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    Forecast Summary

    • Regional
    • UK 5 days
    • UK 6-30 days

    Regional forecast for Dumfries, Galloway, Lothian & Borders

    Very warm with sunny spells.


    Any low cloud and mist will clear during the morning to leave a bright day with sunny spells. Feeling warm or very warm in the sunshine, winds light and variable. However, haar could affect North Sea coasts at times. Maximum Temperature 25C.


    A fine end to the day, but low cloud, mist and fog will become more extensive overnight. Close to the North Sea coast it is expected to become widespread. Minimum Temperature 12C.


    Most of the low cloud, mist and fog should clear to leave another bright day with sunny spells. Very warm again inland. Haar could persist around some North Sea coasts. Maximum Temperature 25C.

    Outlook for Thursday to Saturday:

    Mainly dry and settled and warm or very warm with sunny spells. Haar affecting North Sea coasts at times.

    Issued at: 0500 on Tue 22 Jul 2014

    UK forecast for the next 5 days

    Mainly fine and very warm. Some rain in far northwest.


    Low cloud across eastern parts gradually burning back to the coasts where it may persist. Fairly cloudy across Northern Ireland and far western Scotland, with locally heavy showery rain. Otherwise some sunny spells for many, and warm or very warm.


    Low cloud in the east steadily spreading westwards into central parts overnight, and showery rain in far northwest easing. Elsewhere staying fine, with some clear periods.


    Mainly fine and very warm. However low cloud across many central and eastern parts first thing becoming increasingly confined to northeastern coasts. Isolated thundery showers developing in the southwest later.

    Outlook for Thursday to Saturday:

    Rain at times in the northwest, and daytime showers in the south, some heavy with a risk of thunder. Very warm for many, locally hot in the south.

    Issued at: 0500 on Tue 22 Jul 2014

    Outlook for the UK over the next 6-30 days

    UK Outlook for Sunday 27 Jul 2014 to Tuesday 5 Aug 2014:

    Largely fine and dry weather is expected across southern parts of the UK initially, although isolated showers could affect the southeast, while in the north a band of showery rain may edge southwards through Sunday. It will remain warm or very warm for many, and perhaps locally hot in places, although sea breezes should keep some coastal parts a little fresher. During next week, lengthy periods of fine, dry and warm weather are likely. Occasional rain and brisk winds may affect northern parts with temperatures here returning closer to average. The last part of this period should be similar, although there are indications that the more unsettled weather in the north may extend further south at times.

    UK Outlook for Wednesday 6 Aug 2014 to Wednesday 20 Aug 2014:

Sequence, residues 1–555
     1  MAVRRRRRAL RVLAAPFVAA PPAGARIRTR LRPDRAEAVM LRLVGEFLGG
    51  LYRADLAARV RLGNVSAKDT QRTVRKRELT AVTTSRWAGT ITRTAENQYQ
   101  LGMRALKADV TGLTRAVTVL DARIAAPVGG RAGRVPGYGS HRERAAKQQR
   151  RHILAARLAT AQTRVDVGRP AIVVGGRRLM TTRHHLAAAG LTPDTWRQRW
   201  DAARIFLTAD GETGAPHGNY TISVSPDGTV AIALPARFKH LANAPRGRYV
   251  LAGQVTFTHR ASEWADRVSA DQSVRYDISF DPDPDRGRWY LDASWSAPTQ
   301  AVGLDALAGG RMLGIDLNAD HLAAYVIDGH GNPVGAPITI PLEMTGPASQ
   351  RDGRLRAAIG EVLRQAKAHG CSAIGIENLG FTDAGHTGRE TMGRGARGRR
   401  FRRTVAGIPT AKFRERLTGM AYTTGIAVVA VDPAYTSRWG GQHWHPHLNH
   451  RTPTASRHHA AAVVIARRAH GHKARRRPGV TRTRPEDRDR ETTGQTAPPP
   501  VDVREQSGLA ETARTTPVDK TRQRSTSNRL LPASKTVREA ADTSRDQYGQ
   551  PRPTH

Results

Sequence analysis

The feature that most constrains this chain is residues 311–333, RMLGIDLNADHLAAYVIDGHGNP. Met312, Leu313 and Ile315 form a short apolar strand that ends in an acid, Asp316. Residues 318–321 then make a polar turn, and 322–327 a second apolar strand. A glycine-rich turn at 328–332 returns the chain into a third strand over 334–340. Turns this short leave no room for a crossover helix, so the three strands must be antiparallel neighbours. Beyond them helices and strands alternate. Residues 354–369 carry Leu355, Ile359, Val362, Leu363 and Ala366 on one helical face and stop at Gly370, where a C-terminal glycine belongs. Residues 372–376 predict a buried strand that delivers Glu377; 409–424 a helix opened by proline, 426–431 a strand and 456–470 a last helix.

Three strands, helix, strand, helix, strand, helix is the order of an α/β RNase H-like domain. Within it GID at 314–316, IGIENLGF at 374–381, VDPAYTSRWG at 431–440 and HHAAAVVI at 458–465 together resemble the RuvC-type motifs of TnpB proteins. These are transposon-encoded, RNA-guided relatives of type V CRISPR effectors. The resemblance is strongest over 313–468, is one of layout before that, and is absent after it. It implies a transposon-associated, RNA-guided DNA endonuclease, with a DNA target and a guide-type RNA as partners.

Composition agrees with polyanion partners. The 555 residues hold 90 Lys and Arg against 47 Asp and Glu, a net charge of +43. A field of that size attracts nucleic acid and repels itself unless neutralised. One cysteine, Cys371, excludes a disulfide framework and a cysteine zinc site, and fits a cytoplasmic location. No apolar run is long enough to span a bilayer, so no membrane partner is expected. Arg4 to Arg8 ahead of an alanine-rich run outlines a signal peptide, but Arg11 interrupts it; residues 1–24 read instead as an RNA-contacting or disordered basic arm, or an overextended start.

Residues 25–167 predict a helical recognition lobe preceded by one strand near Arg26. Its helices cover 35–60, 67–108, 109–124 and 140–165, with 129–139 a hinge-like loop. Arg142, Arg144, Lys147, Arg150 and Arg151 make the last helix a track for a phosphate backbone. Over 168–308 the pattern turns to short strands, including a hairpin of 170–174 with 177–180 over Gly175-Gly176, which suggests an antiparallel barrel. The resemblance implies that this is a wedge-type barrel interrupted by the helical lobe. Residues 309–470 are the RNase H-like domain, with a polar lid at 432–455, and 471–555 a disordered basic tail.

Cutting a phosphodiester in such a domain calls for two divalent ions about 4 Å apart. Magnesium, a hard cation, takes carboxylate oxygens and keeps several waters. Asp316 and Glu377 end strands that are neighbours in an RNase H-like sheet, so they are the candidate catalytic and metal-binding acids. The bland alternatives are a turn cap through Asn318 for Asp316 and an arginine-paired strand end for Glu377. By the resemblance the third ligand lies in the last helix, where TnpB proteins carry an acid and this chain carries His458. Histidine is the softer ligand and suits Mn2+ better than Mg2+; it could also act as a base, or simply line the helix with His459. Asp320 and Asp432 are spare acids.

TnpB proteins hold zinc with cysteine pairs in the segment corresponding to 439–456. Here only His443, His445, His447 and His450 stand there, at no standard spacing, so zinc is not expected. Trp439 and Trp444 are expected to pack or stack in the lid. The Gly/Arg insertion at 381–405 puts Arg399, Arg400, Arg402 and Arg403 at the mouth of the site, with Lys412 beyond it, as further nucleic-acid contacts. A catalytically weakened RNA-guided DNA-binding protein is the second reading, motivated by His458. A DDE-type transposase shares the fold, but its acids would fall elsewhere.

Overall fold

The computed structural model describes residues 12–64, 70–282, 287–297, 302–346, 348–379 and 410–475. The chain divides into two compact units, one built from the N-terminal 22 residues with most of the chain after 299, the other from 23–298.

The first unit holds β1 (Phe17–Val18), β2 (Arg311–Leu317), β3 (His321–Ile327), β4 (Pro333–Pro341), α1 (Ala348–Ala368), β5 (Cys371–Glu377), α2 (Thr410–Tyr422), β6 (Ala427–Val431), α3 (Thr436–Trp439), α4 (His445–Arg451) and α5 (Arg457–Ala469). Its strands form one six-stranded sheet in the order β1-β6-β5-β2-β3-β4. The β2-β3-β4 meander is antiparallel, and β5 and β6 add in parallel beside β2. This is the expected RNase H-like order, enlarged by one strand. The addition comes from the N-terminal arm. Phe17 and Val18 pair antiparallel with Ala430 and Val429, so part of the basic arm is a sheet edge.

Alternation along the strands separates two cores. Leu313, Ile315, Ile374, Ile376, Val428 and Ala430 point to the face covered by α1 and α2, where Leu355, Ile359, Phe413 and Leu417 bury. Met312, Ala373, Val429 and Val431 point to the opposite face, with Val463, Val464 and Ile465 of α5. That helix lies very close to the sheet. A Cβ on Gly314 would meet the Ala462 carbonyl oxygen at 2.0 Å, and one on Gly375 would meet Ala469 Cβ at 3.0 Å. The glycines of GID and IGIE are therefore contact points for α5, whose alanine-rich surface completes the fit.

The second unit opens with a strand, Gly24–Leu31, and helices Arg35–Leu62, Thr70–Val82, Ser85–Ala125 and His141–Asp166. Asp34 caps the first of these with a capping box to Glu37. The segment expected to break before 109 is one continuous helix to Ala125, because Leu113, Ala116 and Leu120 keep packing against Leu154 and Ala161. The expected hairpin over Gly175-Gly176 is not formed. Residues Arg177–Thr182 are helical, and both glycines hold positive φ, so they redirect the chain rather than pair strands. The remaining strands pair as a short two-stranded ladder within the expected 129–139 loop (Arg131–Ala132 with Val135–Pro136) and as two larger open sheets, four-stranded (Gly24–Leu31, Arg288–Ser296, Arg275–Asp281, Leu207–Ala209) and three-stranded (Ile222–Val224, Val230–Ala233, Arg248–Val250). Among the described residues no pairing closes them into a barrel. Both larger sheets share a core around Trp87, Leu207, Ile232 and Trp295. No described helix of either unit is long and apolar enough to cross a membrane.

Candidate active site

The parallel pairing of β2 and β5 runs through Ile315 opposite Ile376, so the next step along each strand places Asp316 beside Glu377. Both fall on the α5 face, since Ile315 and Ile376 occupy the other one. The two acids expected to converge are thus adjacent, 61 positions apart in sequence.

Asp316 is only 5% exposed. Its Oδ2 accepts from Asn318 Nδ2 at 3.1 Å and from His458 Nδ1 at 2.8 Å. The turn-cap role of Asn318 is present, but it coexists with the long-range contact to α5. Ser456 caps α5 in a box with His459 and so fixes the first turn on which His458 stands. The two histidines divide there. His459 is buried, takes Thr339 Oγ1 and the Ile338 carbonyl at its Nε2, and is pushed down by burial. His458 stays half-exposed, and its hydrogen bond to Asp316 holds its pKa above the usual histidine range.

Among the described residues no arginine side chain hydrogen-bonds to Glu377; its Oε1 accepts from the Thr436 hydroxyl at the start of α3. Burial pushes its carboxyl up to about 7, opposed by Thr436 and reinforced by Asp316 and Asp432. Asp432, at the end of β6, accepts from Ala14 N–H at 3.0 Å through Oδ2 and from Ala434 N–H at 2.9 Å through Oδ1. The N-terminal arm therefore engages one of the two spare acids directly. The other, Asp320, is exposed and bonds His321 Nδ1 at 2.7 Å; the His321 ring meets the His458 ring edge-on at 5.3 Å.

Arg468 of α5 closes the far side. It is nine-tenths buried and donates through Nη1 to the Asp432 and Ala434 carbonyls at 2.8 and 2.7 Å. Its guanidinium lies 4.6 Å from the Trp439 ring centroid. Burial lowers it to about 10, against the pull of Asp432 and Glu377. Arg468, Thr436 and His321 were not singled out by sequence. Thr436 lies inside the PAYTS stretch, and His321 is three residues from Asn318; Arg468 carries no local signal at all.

The recent generally settled conditions are expected to persist into the first part of this period, with mostly fine and dry weather continuing across more southern parts. Towards the north, more in the way of cloud and sporadic outbreaks of rain are likely. Temperatures should remain above average for most, possibly turning locally hot for a time in the south. Later in the period, a change towards more unsettled conditions overall is looking likely with a higher risk of rain or showers, although there will also be some drier, brighter interludes.

    Issued at: 0500 on Tue 22 Jul 2014

    Location Details


    Location: 55.9533, -3.1868

    Altitude: 60m above mean sea level

    Edinburgh information

    The Scottish capital of Edinburgh is a city that is steeped in history. Recognised as a World Heritage Site in 1995, the city and its 5,000 listed buildings attract visitors from around the world.

    Primitive settlements first appeared in the area as early as the Bronze Age, and by the 12th Century there was an established settlement in the area. 600 years later, at the time of the Act of the Union which united the Scottish and English parliaments in Westminster in 1707, an overcrowded population of 35,000 was living in the medieval Old Town.

    During the 18th Century, Scotland established itself as a centre for scientific and intellectual achievement; a period known as the Scottish Enlightenment. The University of Edinburgh, founded in 1583, played a key role during this time. However, the Old Town could not accommodate the growing population, and a revival was needed. In 1766 a competition was launched to design the layout of the New Town and work was completed in 1820. The Georgian New Town, characterised by spacious streets and classical inspired architecture, was separated from the Old Town by Nor Loch, which has since been drained to form Princes Street Gardens.

    The city is built on a series of ridges and volcanic rocks, the most famous of which is Castle Rock. Edinburgh Castle sits atop Castle Rock, at the end of the Royal Mile. The Royal Mile is also the focal point of the annual Edinburgh Festival Fringe, the largest arts festival in the world, taking place across the city every August. The New Year’s Eve celebration in Edinburgh, known as Hogmanay, is also one of the biggest across the world with 100,000 people attending the annual street party.

    Due to Edinburgh’s intellectual tradition, it has been home to many famous people including author of the popular Sherlock Holmes series, Sir Arthur Conan Doyle, and telephone pioneer Alexander Graham Bell. Other famous residents include Deacon Brodie, inspiration behind the story of Jekyll and Hyde, and infamous serial killers Burke and Hare.

    A coffee shop in Edinburgh was also the place where J.K. Rowling penned the first Harry Potter novel.